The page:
Wendy’s Twitter making a joke out of McDonald’s Twitter, a competitor brand
“Brand Twitter” is not just the mere presence of corporate giants on Twitter, but it is the way in which they assert their brand presence on Twitter under a guise of casualness, and relatability. Instead of tweeting out ads and discount codes for products (which they still do), Brand Twitter tweets back with jokes, memes, and even depression banter:
Sunny D’s depression banter, insomnia cookies and MoonPie reply back like any good friend would
Brand Twitter brings along another level of tactical/strategy switching. The common practice of microblogging one’s everyday thoughts and opinions on Twitter has been co-opted by brands: under a guise of casualness, seemingly like everyday thoughts, Brand Twitter is able grow their influence without sharing any overt marketing strategy. Mentioned previously, brands proliferating through media platforms is not a new phenomenon, but there is a distinct, almost anti-ad veneer that obscures how prevalent these brands have become in our everyday browsing experiences. It is easy to point out that Brand Twitter tweets aren’t directly selling you anything, but the fact of the matter is that these tweets continually build a brand schema that lingers in our collective consciousness. Ultimately by selling nothing, Brand Twitter is able to create a subversive marketing strategy that doesn’t look like marketing strategy. A coupon code offers little to no entertainment value, but Wendy’s fleeting thoughts and snarky personality adds a flair of drama which gets people talking.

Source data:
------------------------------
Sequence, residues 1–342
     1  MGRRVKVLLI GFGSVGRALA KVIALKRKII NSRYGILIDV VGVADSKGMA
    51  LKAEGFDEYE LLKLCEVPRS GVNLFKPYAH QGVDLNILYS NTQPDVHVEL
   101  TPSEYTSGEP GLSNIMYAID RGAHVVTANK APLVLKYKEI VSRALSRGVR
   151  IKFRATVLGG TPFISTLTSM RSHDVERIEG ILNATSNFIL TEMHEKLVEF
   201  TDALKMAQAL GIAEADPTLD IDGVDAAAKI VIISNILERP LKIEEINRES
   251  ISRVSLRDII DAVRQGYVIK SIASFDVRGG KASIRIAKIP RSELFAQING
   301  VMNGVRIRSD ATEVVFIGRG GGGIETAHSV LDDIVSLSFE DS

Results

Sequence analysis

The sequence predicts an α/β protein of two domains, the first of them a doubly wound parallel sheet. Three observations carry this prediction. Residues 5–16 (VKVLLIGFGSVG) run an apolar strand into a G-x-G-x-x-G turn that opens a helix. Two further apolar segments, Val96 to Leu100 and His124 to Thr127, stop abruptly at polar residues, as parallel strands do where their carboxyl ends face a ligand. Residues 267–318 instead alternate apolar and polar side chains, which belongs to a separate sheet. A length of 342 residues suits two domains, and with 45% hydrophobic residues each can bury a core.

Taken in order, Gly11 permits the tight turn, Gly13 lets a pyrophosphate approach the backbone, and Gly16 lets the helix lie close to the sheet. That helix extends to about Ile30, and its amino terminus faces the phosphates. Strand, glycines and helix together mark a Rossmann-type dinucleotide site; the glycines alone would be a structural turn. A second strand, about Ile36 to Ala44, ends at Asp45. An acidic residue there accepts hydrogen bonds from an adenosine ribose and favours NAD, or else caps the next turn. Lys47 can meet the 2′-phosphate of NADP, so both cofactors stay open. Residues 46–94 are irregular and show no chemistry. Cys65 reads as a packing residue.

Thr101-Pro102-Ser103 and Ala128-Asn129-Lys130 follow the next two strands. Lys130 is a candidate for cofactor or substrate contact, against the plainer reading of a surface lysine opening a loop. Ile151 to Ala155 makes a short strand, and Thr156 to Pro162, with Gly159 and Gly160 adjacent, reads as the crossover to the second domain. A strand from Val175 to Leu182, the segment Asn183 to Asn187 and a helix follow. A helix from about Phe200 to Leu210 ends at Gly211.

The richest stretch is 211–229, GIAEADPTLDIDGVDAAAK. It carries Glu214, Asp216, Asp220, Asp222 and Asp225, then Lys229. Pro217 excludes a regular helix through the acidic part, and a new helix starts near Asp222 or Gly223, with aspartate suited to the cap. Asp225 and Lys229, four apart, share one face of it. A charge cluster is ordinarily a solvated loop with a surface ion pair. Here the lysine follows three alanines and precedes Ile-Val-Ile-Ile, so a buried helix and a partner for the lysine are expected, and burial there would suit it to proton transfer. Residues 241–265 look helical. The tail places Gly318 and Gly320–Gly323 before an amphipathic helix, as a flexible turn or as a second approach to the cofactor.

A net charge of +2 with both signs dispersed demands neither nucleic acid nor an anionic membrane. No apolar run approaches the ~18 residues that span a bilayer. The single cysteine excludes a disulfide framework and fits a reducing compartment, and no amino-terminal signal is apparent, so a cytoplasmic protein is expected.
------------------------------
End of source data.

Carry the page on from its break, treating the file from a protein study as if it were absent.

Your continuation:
Comparison of post engagement between a typical coupon advertisement tweet (top) which has 67 retweets and 991 likes, versus a ‘Brand Twitter’ type tweet (bottom) which has 2.1k retweets and 33.9k likes
Even moving beyond Twitter, it has become commonplace to see brand and political organizations hijacking the customization culture in the video game Animal Crossing: New Horizons. Although valid criticisms can be made about how tactical the customization space really is when it is a selling feature of the game, the customization feature nonetheless is a mini world-building experience that makes the gameplay unique from player to player. As such, it is entirely possible to create a mini brand world where everything from your clothes, house decor, and even dialogue can be customized and built into an immersive marketing experience, making this much deeper than a skin, or unlockable character.
Perhaps this type of marketing is not as obscured as Brand Twitter, but there is a subversion of tactic as strategy because: 1) adapting and customizing is inherently a tactical trait, and so is 2) the poaching/adopting of a place, but ultimately it is all part of 3) a marketing strategy. In the case of politicians using Animal Crossing: New Horizons, it may well be a strategy to reach younger audiences who will be voting for the first or second time.
Official Biden/Harris designs on Animal Crossings New Horizons
Surveillance Capitalism, Invisible Algorithms, Obscurity as Power
In De Certeau’s city metaphor, the World Trade Centre is a vantage point which is able to see the city in its entirety, but not the nuances of the walkers down below. What do we make of that metaphor when we talk about a digital city, where everywhere we walk is mappable and viewable, especially through invisible surveillance tools and algorithms? How do these tools play a role in the discussion of power and obscurity? The powerful World Trade Centre vantage point may not have been able to see our walking in the city, but in cyberspace the vantage point is on our bodies (sometimes quite literally on our bodies, think smartphones, smartwatches, etc).